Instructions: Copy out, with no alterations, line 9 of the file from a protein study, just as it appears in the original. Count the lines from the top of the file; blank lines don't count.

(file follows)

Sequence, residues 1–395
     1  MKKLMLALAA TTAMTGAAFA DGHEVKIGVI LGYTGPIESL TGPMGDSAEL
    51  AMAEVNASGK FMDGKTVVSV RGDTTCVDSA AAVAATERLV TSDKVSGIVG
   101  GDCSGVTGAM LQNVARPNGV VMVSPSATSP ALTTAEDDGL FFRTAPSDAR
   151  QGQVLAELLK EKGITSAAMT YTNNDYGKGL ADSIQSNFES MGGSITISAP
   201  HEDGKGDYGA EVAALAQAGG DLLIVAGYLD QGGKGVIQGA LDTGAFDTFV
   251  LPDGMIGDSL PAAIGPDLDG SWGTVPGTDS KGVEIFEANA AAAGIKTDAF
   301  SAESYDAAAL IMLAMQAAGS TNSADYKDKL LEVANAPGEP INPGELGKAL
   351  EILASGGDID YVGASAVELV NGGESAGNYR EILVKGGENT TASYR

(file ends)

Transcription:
   351  EILASGGDID YVGASAVELV NGGESAGNYR EILVKGGENT TASYR